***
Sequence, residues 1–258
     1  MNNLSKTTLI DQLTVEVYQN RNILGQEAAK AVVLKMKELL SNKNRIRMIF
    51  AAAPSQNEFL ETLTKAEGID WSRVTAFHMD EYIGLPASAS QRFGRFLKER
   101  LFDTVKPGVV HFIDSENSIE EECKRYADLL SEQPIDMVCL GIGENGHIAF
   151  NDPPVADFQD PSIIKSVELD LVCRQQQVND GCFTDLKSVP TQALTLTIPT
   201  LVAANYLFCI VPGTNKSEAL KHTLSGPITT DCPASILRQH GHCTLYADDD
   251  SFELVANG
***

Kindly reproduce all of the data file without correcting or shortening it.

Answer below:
Sequence, residues 1–258
     1  MNNLSKTTLI DQLTVEVYQN RNILGQEAAK AVVLKMKELL SNKNRIRMIF
    51  AAAPSQNEFL ETLTKAEGID WSRVTAFHMD EYIGLPASAS QRFGRFLKER
   101  LFDTVKPGVV HFIDSENSIE EECKRYADLL SEQPIDMVCL GIGENGHIAF
   151  NDPPVADFQD PSIIKSVELD LVCRQQQVND GCFTDLKSVP TQALTLTIPT
   201  LVAANYLFCI VPGTNKSEAL KHTLSGPITT DCPASILRQH GHCTLYADDD
   251  SFELVANG